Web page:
To Get to the Bottom of the Sea and Beyond

Together with Fraunhofer IWES, we have developed a process that detects and locates even small boulders or other disturbing obstacles in the ground. This analysis is particularly important for anchoring offshore wind farms in the seabed in order to determine the correct positions of the wind turbines.

Boulder-Detection with Machine Learning

Piles of windmills of offshore windparks must be firmly coupled into the subsurface layers deep below the sea-floor. Large boulders, that would be obstacles for the planting process of such piles, must be identified in the phase of defining the exact locations of windmills. Seismic data sets acquired for site-planning of windparks for the purpose of assessing subsurface stability conditions have limited frequency content. We developed a new methodology for object identification below seismic wavelength (here 1m) from such data by means of Machine Learning methods.

Key to this methodology is the preprocessing of the data by a prestack migration method that highlights the weak-amplitude diffractions contained in the seismic data.

Ausschnitt aus dem aus seismischen Daten errechnetem Untergrundabbild.
© Fraunhofer ITWM
Ausschnitt aus dem aus seismischen Daten errechnetem Untergrundabbild; Farbspots zeigen Orte hoher Wahrscheinlichkeit für das Vorliegen von Felsbrocken an.
Illuminationsdarstellung eines Untergrundbereiches, für den ein Felsbrocken identifiziert wurde.
© Fraunhofer ITWM
Illuminationsdarstellung eines Untergrundbereiches, für den ein Felsbrocken identifiziert wurde; das Fadenkreuz liegt im Symmetriezentrum des identifizierten Musters und zeigt die Position des Felsbrockens an.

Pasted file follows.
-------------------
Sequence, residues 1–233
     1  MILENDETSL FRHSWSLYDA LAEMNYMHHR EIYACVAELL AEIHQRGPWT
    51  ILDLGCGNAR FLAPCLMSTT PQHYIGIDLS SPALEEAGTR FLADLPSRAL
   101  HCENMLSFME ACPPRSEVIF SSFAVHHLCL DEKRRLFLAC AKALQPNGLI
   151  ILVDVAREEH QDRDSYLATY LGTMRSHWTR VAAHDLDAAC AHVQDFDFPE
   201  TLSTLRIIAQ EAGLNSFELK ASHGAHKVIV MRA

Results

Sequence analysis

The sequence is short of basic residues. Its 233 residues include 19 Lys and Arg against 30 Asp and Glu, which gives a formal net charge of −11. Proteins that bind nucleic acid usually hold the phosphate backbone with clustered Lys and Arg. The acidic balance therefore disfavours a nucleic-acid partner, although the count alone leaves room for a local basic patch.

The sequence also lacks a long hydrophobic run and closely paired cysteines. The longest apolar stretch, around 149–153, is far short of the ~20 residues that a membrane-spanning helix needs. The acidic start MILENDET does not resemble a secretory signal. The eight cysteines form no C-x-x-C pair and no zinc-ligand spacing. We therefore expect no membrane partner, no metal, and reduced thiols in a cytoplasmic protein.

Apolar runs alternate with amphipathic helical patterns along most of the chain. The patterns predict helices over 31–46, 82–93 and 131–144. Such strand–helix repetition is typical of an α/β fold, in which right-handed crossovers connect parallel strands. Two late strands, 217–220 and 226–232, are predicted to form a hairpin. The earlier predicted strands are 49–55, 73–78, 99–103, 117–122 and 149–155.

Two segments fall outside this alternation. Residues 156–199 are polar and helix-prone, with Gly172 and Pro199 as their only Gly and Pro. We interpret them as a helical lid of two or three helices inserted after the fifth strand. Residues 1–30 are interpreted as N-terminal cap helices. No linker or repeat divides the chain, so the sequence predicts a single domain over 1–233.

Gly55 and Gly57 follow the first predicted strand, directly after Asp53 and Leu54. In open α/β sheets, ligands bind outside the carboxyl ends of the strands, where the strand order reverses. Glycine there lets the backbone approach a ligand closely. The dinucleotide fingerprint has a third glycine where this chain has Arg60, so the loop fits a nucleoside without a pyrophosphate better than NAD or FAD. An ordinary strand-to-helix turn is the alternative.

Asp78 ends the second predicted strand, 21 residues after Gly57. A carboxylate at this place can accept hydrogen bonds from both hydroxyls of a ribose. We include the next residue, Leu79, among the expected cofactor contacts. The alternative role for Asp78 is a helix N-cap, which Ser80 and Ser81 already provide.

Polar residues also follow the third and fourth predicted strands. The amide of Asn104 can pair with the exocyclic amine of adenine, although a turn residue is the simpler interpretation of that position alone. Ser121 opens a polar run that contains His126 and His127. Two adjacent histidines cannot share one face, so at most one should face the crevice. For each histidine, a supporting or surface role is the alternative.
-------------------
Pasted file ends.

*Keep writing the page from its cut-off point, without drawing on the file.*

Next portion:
Pattern Recognition in Seismic Sections

Together with colleagues from Fraunhofer IWES and sponsored by BMWI we developed a process that maps the seismic data into a domain in which diffraction responses show a typical pattern. The task of finding such patterns, thus to localize the associated diffracting objects, is similar to the task of assigning pixels of photos to object classes, which constitutes a problem that can successfully be solved with the help of deep neural networks (DNNs).

Here, however, we are dealing with a high-dimensional problem, as even for 2D seismic, i.e. 2D subsurface images, illumination-direction and velocity-variation contribute two additional dimensions. Further, the Earth’s subsurface is not accessible so that the networks cannot be trained with the ground truth for real data; rather, we have to rely on training solely based on synthetic data generated and perturbed towards the appearance of real data.

 

Benefit for the User: Reduced Amount of Data

Our results demonstrate that transfer learning from synthetic to real data works and that our DNNs that consist of a large number of convolutional layers offer the necessary complexity for computing the probability for the existence of diffracting objects of 1m scale length even in noisy data.  After application of this automated process, the user is left with the task to further interpret the seismic data only in those areas that are marked by high probablility values.